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Swiss Hallmarks

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Swiss Executive Order 17 May 1881
Implementing regulations 17 May 1881: Click image to enlarge

Laws and standards for precious metals in Switzerland originated in Geneva in the 15th century; the first recorded regulation concerning the fineness and marking of silver was enacted by Bishop John of Brogny in the year 1424. Regulations were later introduced in the cantons of Neuchâtel and Schaffhausen, each having its own standards for gold and silver, its own system of testing and hallmarking, and its own unique set of marks.

These hallmarks were required by individual Swiss cantons on dishes, plates, bowls, candlesticks, etc, but before 1882 there was no Swiss federal law requiring that gold or silver watch cases be hallmarked.

Precious Metals Act 1880

In 1880, the Swiss Federal Precious Metals Control Act introduced Swiss federal legal standards for the fineness of gold or silver used for watch cases. This law was to come into force on 1 January 1882.

Before this law was introduced, Swiss gold watch cases were usually stamped by their manufacturer with the gold fineness, usually 14 or 18 carats, which were popular standards on the continent for gold, and silver watch cases were often marked “Fine Silver”, a standard of fineness with no legal definition at the time.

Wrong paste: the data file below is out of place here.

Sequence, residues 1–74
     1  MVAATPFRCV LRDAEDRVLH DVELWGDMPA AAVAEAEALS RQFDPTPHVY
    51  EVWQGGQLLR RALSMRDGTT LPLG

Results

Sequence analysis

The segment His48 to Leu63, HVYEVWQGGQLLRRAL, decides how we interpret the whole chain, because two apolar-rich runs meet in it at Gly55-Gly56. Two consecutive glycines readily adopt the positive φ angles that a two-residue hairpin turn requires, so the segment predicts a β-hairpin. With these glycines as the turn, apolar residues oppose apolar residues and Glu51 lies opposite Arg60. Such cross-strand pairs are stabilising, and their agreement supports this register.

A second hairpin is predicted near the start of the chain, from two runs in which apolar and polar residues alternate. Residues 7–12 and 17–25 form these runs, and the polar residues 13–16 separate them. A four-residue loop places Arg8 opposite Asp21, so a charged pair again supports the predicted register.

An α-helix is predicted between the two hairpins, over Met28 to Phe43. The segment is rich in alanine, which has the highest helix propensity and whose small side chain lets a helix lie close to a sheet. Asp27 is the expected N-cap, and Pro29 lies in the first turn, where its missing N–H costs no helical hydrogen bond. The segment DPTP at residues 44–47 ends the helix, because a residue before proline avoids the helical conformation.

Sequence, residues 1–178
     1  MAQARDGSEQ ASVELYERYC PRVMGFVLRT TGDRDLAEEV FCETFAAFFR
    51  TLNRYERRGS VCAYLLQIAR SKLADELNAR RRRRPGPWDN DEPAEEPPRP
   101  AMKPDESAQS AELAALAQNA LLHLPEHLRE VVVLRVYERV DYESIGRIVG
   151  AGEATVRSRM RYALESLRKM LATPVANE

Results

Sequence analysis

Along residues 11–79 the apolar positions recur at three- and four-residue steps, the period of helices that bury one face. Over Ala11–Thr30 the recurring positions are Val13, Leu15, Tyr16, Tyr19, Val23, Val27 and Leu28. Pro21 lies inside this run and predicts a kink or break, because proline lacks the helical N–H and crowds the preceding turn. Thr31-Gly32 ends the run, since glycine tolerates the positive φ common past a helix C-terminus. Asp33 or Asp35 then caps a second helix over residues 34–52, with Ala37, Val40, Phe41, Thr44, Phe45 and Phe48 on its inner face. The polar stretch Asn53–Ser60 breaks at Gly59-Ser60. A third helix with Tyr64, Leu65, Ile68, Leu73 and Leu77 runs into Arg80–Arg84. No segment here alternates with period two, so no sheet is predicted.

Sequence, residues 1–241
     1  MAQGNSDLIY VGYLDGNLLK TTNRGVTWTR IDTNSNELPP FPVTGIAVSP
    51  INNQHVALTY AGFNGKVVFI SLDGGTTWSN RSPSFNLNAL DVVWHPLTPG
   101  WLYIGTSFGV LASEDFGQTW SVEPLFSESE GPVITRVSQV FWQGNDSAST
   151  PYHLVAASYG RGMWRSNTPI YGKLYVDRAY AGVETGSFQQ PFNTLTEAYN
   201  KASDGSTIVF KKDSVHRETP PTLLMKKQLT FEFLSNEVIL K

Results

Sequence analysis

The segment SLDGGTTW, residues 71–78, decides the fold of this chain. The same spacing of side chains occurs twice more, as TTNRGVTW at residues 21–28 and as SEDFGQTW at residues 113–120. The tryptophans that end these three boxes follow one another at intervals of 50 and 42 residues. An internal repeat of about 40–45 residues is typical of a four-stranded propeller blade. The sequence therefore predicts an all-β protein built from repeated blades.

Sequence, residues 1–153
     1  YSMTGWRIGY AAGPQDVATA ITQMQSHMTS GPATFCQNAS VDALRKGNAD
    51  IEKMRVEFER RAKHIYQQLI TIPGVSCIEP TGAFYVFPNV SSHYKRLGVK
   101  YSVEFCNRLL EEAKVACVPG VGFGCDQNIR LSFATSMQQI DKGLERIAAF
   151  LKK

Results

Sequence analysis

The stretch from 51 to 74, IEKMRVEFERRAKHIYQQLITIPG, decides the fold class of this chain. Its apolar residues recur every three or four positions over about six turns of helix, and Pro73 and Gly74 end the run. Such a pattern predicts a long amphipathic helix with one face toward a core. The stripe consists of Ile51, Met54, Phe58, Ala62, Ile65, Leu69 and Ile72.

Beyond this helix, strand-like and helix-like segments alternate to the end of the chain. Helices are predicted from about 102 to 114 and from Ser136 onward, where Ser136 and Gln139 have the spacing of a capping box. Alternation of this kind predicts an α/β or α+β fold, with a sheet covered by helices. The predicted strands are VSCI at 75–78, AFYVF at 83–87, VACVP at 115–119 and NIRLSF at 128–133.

A mark stamped by a manufacturer is not a hallmark. Hallmarking means that items made of precious metals are sent by the manufacturer to a “hall” or assay office or to be independently tested for fineness. Items that meet a legally defined standard are stamped with legally defined hallmarks.

When the Precious Metals Control Act came into force, all the previous cantonal laws about precious metals were revoked. From 1882 onwards, only watch cases in gold or silver, of foreign or local manufacture, sold in Switzerland, were subject to compulsory assay and hallmarking. Jewellery could be hallmarked, but this was not compulsory. Hallmarks for Platinum watch cases were added in 1914.

In the Swiss hallmarking system, the manufacturer marks a fineness on precious metal items and then submits them to a Federal Bureau de Contrôle to be independently tested and hallmarked. Because the system is run by the Federal Government, Swiss hallmarks do not carry a specific indication of the date when an item was hallmarked, but changes in the hallmarks over the years can give an idea of the period when an item was hallmarked.

Government run Bureaux de Contrôle (Swiss assay offices) were established and authorised to assay watch cases made of gold and silver, and to hallmark them if they were of at least the legal fineness. The hallmarks to be used for the different finenesses of gold and silver were defined in implementing regulations of 17 May 1881, the figure showing the hallmarks to be used for the four legal standards is reproduced above.